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Review

'Step' tells the inspirational story of Baltimore teens' triumph against the odds

Not for nothing did "Step" win a Special Jury Award for Inspirational Filmmaking at Sundance. Heartening and unashamedly emotional, it's a certified crowd pleaser that doesn't care who knows it.

Combining performance and feeling in a way that recalls the Oscar-winning "20 Feet From Stardom," "Step" is a documentary that feels like it is waiting to happen, just crying out to be made. Which is, given how many tears are shed on-screen and likely to be matched by the audience, an especially appropriate image.

The first feature from director Amanda Lipitz, best known as a Tony-winning Broadway producer, "Step" is nominally about the roller-coaster senior year of members of a charter school step team, but that is a bit like saying the classic "Hoop Dreams" is a film about basketball.

Instead, "Step" is an examination of the hard-knock lives and expansive dreams of the determined members of a squad that calls itself the Lethal Ladies of BLSYW, after their school. We share in their crises and their triumphs because they're remarkably open and candid with us, because we've seen how hard the road has been and how much success would mean to them.

Ground zero for "Step" is the Baltimore Leadership School for Young Women, a middle and high school founded in 2009 with the transformative goal of sending every member of its senior classes to college.

The film begins with the founding class set to graduate in June 2016, but "Step" is successful because Lipitz's connection to the place goes back much further.

A Baltimore native, Lipitz has been involved with the school since its inception. She was drawn to make a positive film about her hometown in part because of all the negative publicity the city received after the April 2015 death of Freddie Gray.

Step is a competitive performance art long popular in historically black colleges and universities featuring dynamic movement, call and response and synchronized clapping that was first widely seen in Spike Lee's "School Daze."

The Baltimore school’s step group, which was founded with the first class, is coming off a particularly weak year that saw the team lose every competition.

The dynamic presence of a new instructor, Gari "Coach G" McIntyre, promises to change all that as she focuses on preparing for the big meet of the year. That would be a tri-state event at Bowie State University featuring teams from Virginia and Delaware as well as Maryland.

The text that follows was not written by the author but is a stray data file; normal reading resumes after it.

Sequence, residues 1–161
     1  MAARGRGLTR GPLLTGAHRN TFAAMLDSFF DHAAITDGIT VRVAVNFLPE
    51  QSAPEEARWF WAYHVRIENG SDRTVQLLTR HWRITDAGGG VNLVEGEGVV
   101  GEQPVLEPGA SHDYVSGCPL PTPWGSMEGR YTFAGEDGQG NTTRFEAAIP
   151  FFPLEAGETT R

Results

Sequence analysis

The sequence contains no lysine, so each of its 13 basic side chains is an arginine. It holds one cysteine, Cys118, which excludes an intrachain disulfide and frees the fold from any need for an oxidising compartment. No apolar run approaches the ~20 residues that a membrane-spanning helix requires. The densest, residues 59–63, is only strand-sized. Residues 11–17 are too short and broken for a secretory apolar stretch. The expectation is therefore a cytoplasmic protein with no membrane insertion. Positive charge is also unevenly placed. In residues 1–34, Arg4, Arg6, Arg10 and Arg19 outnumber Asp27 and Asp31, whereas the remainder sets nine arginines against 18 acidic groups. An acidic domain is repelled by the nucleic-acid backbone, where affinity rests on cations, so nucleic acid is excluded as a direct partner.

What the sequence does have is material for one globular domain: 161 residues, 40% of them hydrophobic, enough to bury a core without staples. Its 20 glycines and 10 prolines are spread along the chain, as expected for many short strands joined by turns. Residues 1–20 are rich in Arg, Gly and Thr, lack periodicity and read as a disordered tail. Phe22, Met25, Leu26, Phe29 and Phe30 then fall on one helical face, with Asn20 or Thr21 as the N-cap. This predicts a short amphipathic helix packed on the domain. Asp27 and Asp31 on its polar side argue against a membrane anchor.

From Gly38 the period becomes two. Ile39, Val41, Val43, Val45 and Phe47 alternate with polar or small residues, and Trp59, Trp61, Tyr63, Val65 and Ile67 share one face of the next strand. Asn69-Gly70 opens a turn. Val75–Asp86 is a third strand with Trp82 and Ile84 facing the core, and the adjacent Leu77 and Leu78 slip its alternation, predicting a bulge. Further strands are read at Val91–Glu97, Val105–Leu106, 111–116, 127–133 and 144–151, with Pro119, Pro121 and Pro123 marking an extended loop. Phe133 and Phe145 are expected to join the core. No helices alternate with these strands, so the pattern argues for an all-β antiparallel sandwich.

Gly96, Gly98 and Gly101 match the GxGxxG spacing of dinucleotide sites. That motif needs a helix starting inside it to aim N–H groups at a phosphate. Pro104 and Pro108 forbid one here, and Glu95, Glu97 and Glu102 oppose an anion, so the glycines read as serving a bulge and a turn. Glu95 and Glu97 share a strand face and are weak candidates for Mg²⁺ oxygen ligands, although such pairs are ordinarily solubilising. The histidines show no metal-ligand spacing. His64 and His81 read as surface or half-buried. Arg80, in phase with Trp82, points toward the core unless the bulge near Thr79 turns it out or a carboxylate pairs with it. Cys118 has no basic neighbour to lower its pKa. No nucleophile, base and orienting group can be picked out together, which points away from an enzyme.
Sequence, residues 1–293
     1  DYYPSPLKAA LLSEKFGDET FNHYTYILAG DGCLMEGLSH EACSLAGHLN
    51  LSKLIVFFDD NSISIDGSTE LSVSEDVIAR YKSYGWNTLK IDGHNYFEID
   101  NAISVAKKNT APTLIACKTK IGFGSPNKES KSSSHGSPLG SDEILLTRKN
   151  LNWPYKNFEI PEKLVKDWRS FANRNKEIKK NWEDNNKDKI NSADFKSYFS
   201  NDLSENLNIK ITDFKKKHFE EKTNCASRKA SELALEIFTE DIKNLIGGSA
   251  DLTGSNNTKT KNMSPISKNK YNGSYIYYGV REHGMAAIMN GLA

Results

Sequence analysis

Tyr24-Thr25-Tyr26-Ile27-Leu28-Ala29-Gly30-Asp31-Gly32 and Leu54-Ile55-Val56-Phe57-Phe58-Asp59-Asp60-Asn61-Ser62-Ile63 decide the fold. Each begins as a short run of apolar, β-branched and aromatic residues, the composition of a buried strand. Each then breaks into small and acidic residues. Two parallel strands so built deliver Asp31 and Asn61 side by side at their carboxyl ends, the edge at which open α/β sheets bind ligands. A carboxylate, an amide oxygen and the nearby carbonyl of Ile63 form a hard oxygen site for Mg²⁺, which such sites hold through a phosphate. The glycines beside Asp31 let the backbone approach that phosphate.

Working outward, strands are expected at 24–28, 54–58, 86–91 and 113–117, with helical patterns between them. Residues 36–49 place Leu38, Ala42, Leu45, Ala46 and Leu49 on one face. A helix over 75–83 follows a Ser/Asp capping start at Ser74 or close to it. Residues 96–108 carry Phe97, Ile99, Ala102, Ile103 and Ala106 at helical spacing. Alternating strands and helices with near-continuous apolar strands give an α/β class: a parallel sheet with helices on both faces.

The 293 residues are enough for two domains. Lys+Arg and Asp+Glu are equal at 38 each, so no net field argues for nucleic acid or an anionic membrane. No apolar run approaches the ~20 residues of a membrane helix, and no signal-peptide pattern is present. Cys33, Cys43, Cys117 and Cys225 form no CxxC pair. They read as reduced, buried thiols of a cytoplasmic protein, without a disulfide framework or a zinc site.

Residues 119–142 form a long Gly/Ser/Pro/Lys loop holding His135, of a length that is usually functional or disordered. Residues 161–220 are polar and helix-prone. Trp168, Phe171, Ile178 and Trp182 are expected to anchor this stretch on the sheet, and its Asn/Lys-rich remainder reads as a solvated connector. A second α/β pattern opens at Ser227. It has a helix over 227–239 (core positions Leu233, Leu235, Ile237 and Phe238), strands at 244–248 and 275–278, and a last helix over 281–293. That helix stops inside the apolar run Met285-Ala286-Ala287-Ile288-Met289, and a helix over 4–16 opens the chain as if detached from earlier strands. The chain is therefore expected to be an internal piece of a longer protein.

A committed mentor, McIntyre believes what she does "is way bigger than step. It's about sacrifice, not making excuses, a positive attitude. If you can make it though step practice, you can make it through life."

Filmmaker Lipitz focuses not only on the coach but also on three members of the team — each very different, but all united by the fact that participation in step helps them cope with complex lives, draws them together and makes them whole.

Founder and team captain is the exuberant and charismatic Blessin Giraldo, who, like the group, is coming off a bad year where she missed 53 days of school and "everything fell apart."

Cori Grainger, the school’s academically focused valedictorian, jokes that she is "everything step is not." She calls her mom, Triana Flemming, who was 16 when Cori was born, "a magic wand in human form" and worries both about getting into Johns Hopkins, her dream school, and affording it if she does.

Also with a dynamic parent is Tayla Solomon, whose live-wire mother, Maisha, comes to every practice and is so energetic it’s clear why Tayla says, "I tell her to chill out sometimes. She embarrasses me."

Aside from Coach G, the other school administrator who is a key player here is college counselor Paula Dofat, a committed, no-nonsense advocate who gives the young women nuts-and-bolts advice about what is within their reach and what is not.

Lipitz’s relationship with the school ensured lots of access for cinematographer Casey Regan to both the girls and their indomitable mothers, determined to come through for their daughters and ensure that they have better lives.

"The common denominator of every human being is we have problems," Flemming advises. "But you don't stay there, you get up." Watching how the young women of "Step" do just that is an experience you will want to be part of.


‘Step’

Rating: PG, for thematic elements and some language

Running time: 1 hour, 25 minutes

Playing: In limited release

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kenneth.turan@latimes.com

@KennethTuran

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